Networking for sysadmins: Recognizing router problems
From my experience in the IT corridors of corporate networking teams, this article is the first in a series targeting network router challenges that most system administrators face. This guide assumes that you are familiar with the commands and interface for the router you are operating, so the focus is on what to consider and do when it comes to tracking down and resolving issues.
Investigating connectivity issues
So, how do you know which network device is causing the issue? Don't feel discouraged if you have trouble answering this question because it is easy to get mislead. The fastest check is to use the good old ICMP echo request protocol. If you are on the same subnet as the router and cannot get a response, you are already closing in on the issue.
There is a great article by Anthony Critelli on network troubleshooting where he describes how to use
traceroute, and other useful commands. You can use these tools to investigate until you find the problem.
Let’s take a look at what you need to keep in mind.
If an issue has occurred with a router that controls that path to or from the internet, the effect is immediate. There are few network monitoring systems faster than your users to detect if the internet connection is down.
Even if your users don’t send word, your monitoring systems will most likely send alerts—if not, then you have some configuring to do. Another dependable indicator that your internet-connecting router is down is when outbound company email starts to queue up.
Any connection involving the internet usually entails a firewall or two, so make sure you are troubleshooting the device that is the actual cause. Also, keep in mind that if a troublesome router is in front of the corporate directory server and the error occurs during a weekend or toward the end of a working day, the error might not be immediately obvious since the directory server is only used when sessions initiate or re-initiate.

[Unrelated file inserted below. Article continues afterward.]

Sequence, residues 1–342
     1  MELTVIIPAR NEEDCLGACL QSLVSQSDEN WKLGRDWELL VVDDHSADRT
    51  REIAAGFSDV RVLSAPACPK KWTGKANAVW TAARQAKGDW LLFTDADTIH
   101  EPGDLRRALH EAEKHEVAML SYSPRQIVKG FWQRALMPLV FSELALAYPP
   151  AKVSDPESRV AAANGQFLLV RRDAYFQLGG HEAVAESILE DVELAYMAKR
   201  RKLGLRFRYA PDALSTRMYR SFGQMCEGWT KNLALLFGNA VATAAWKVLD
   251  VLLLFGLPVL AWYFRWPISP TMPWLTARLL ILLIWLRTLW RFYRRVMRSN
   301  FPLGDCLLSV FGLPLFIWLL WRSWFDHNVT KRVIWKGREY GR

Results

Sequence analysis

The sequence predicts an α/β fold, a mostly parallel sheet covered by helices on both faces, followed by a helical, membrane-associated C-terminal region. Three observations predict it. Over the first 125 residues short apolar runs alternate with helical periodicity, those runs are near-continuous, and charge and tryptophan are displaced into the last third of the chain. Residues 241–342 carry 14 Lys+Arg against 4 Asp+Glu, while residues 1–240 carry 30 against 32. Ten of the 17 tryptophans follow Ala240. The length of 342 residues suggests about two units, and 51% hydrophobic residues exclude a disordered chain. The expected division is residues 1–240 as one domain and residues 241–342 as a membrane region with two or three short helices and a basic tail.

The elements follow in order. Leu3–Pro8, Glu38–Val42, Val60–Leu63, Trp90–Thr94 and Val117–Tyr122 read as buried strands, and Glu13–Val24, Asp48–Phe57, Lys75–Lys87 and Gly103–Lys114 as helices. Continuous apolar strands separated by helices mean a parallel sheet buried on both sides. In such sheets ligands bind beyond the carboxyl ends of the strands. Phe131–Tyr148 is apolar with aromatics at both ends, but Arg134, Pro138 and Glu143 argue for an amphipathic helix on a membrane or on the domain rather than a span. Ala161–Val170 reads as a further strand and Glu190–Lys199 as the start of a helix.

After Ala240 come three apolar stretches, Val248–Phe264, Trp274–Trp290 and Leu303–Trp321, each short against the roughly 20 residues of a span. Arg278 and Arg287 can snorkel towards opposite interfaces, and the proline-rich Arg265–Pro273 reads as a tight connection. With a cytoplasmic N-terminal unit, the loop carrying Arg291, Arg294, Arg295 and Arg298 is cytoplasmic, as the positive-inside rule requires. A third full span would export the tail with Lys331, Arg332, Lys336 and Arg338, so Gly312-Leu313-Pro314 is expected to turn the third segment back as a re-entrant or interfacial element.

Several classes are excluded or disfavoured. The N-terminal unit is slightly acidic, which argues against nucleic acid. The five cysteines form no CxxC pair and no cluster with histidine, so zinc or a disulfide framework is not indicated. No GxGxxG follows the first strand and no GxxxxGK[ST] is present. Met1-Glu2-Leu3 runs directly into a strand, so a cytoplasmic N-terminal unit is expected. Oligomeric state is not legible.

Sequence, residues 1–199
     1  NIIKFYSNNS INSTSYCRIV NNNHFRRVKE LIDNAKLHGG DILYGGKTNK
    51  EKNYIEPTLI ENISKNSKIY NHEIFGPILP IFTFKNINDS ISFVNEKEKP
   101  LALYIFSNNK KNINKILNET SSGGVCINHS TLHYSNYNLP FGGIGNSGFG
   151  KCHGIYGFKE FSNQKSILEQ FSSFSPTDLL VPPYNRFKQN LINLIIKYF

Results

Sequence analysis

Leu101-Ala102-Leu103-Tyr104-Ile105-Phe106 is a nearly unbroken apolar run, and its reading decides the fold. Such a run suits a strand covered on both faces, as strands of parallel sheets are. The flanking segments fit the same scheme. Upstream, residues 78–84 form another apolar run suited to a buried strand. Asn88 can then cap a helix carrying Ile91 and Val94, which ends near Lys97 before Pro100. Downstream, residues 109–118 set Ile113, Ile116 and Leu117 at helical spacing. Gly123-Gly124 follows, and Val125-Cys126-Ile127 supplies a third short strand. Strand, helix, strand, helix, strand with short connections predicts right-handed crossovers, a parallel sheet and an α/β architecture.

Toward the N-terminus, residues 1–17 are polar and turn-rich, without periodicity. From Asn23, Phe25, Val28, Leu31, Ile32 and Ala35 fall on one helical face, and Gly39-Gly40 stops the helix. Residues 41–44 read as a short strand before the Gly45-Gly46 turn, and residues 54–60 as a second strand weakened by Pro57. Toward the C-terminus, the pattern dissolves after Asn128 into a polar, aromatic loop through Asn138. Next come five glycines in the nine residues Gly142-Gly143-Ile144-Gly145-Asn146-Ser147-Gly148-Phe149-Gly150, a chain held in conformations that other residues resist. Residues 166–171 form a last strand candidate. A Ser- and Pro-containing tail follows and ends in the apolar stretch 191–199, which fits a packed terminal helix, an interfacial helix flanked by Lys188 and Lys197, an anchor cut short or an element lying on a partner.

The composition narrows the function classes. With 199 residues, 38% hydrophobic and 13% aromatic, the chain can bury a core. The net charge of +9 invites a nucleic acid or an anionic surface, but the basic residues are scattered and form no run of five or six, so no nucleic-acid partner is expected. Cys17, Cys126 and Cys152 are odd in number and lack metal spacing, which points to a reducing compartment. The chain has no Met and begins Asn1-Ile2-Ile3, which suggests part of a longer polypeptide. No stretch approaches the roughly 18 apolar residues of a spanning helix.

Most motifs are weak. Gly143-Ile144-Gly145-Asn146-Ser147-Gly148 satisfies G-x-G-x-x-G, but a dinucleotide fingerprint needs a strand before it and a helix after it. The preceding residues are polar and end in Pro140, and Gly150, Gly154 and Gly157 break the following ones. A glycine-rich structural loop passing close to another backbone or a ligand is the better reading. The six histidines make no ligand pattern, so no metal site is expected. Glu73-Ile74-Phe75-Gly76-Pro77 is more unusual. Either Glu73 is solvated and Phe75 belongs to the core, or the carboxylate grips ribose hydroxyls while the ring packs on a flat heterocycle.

And please remember that outbound connectivity is just one side of the challenge.
This issue is equally important to assess when determining if the failure is complete or partial, so you can best direct your efforts. A quick check for inbound connectivity is to send a message from your private internet-based account to your company account. If you’ve already determined that your outbound connection is down and this check also fails, you know that the connection is down both ways. By looking at the email header (MIME trace), you can determine where the email failed.
Checking the company website from outside the firewall can also be useful. You probably even have a web monitoring service already in place, and there are plenty to go around—if you don’t have one, this starting point gives advice and also offers tools you can use immediately.
Of course, there are other potential culprit candidates (not explored in this document) that can cause or contribute to connectivity incidents:
- Cables (e.g., physically disconnected or broken)
- Domain Name Servers (e.g., down or configuration issues)
- Firewalls (e.g., down or configuration issues)
- Switches (e.g., broken or not connected properly)
- Network Interface Cards (e.g., broken or outdated NIC drivers)
- Internet Service Providers (e.g., down or configuration issues)
Investigating the router itself
If at this point you strongly believe the router is the issue, try to SSH into the router to determine if there is a slow connection or no connection. Many times, a bit of patience can pay off and avoid unnecessary actions. The router could be running a high CPU load, which makes it take "forever" to respond, making it difficult to log in.
A good start is to understand what the SSH protocol is and how it works. It is not uncommon for there to be key issues in an organization due to using anonymous "admin" accounts to access network components and servers. You can find information on how to configure SSH for Red Hat Enterprise Linux 7, specifically, here.
It is good to know if you are going through a firewall when attempting to connect to the router. The rules in the firewall could have been changed without you knowing. If you can’t SSH into the router at all, ensure that you can connect to the router on port 22 and get a response. It is not impossible that port 22 has been blocked, and this problem requires that you connect to the router via another port, such as 80 or 443. The classic CLI is, of course, truth, but a graphical tool can be useful to share results with other admins and managers (who inevitably show up at this point).